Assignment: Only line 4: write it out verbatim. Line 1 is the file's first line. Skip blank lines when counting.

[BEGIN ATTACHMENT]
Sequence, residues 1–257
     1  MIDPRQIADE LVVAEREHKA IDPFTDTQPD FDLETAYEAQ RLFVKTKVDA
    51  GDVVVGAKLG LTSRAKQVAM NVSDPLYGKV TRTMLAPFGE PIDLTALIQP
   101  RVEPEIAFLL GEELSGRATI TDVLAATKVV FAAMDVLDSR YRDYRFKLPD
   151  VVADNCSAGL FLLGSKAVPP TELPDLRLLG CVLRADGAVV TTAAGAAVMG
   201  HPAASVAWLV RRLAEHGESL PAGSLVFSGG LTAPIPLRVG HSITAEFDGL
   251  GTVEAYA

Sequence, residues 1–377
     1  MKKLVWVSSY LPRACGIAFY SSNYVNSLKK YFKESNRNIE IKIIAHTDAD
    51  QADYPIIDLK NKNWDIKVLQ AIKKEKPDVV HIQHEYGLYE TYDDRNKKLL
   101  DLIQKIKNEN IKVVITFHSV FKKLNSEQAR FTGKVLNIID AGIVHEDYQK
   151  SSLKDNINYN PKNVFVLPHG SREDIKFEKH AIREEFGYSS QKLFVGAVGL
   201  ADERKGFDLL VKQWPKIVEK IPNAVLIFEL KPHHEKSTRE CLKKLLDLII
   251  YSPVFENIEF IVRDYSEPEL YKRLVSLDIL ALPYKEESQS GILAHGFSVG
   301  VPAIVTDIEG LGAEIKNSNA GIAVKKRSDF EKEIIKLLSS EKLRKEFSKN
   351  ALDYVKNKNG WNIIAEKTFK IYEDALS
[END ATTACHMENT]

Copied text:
   101  RVEPEIAFLL GEELSGRATI TDVLAATKVV FAAMDVLDSR YRDYRFKLPD